Home > DC Comics > DC Retroactive: Batman-The 80s #1

DC Retroactive: Batman-The 80s #1

August 28, 2011

Title: The Revenge of the Reaper

Writer: Mike W. Barr
Jerry Bingham
Carlos Badilla
Carlos M. Mangual
Cover Artist:
Jerry Bingham
Jim Chadwick
DC Comics

Mike W. Barr returns for a sequel to one of his classic tales from the 80s. The Reaper, a vigilante who murders mobsters, has returned to Gotham City, and Batman and Robin are set to track him down… even if it means returning to one of the lost loves of Batman’s life. This issue goes to a very specific time period: we’ve got Jason Todd in the Robin costume here. Barr doesn’t dwell on that too much – there isn’t really a hint of the anger that grew to consume the character later. It’s a straightforward story as well, at least as straightforward as a story about one of Bruce’s former loves ever really can be. The story is a mystery, and structured in such a way that the reader has a fair chance of solving it, which is the way the best mysteries should be written. Bingham’s artworok is good, but I think Carlos Badilla’s artwork darkens it a bit more than is really necessary. Not to say it’s a bright story, but the artwork should enhance it more than it does here. I liked it, but the artwork pulls it back a bit.

As for the back-up…

Title: Fear the Reaper (Batman: Year Two Chapter One)

Writer: Mike W. Barr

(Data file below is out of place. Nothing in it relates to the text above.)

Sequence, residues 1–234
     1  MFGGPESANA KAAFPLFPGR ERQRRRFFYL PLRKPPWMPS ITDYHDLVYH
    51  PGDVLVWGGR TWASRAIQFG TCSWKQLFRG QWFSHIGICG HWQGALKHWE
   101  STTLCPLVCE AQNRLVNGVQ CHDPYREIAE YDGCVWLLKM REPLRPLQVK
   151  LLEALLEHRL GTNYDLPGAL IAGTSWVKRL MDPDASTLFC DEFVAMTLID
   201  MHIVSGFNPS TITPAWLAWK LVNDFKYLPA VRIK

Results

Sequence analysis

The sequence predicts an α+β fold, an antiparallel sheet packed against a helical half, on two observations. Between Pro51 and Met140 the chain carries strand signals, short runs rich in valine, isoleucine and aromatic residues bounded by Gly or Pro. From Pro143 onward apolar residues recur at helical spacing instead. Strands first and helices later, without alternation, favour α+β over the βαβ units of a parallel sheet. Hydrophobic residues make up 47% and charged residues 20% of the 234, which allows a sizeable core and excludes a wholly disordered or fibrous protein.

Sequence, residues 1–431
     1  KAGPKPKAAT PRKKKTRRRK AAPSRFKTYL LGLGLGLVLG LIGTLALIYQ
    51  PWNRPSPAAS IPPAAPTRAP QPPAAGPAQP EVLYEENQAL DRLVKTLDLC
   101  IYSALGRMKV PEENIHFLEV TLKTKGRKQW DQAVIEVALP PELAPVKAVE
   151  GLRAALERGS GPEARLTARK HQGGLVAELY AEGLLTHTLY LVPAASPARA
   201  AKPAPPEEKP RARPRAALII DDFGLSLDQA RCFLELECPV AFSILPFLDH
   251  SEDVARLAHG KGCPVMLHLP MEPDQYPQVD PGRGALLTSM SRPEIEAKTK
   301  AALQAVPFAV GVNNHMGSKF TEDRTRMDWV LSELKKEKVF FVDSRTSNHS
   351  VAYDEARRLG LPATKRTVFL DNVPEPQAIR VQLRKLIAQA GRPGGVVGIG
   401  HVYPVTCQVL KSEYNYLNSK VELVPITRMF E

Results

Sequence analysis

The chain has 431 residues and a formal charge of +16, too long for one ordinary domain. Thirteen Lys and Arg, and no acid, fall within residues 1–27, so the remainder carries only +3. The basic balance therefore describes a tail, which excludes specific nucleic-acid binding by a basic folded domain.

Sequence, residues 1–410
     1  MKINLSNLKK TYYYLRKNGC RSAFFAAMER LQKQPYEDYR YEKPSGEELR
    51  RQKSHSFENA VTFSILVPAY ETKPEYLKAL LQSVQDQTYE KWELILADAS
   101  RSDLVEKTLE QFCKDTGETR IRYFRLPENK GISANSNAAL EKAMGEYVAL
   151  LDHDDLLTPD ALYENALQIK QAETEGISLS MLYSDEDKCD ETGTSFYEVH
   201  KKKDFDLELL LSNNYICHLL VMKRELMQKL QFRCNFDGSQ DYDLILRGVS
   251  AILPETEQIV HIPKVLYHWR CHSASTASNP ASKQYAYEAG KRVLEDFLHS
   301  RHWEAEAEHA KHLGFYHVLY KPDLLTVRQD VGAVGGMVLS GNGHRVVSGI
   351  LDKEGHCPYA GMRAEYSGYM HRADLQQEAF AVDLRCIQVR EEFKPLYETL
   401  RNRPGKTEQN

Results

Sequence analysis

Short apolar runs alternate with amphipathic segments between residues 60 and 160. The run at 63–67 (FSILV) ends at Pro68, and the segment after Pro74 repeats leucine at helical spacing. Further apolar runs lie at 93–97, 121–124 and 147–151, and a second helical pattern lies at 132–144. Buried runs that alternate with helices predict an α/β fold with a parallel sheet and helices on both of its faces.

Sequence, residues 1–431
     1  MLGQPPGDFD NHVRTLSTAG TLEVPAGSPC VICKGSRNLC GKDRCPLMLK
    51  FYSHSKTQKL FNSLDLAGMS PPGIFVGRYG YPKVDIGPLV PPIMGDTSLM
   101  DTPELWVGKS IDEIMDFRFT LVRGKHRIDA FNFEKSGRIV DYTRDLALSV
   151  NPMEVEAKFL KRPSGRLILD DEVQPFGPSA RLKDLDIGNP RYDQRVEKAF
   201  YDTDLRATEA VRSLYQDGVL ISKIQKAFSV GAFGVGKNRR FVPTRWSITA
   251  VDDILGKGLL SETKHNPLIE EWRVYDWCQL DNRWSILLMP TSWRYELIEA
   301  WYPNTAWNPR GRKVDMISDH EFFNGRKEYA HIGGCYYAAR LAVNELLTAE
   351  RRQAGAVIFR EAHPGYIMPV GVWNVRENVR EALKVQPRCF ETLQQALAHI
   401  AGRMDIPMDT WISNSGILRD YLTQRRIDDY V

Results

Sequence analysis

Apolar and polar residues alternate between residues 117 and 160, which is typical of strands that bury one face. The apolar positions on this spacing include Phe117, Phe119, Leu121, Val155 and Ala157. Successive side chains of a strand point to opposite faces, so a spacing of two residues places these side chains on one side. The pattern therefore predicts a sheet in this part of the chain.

Alan Davis & Paul Neary
Adrienne Roy
Richard Starkings
Dennis O’Neil

The back-up in this one-shot is the first chapter of the original Reaper story, Batman: Year Two. Here we see a young Batman, still in his pre-Dick Grayson days, still alone. What surprises me about this book is that, unlike the sequel that makes up the front half of the issue, this one is not a mystery. The identity of the Reaper is revealed right off the bat – to the reader, that is, not the characters. So while Batman is trying to track down this new killer, we already know who he is. I’m always a fan of Alan Davis, and it’s fun to see early work of his. This may be Davis before he was seasoned, but even this art from young Davis is better than a lot of the stuff that contemporary artists turn out.

Good issue, and it makes me want to hunt down the complete Year Two trade paperback.                                                                                                                                              

Rating: 7/10

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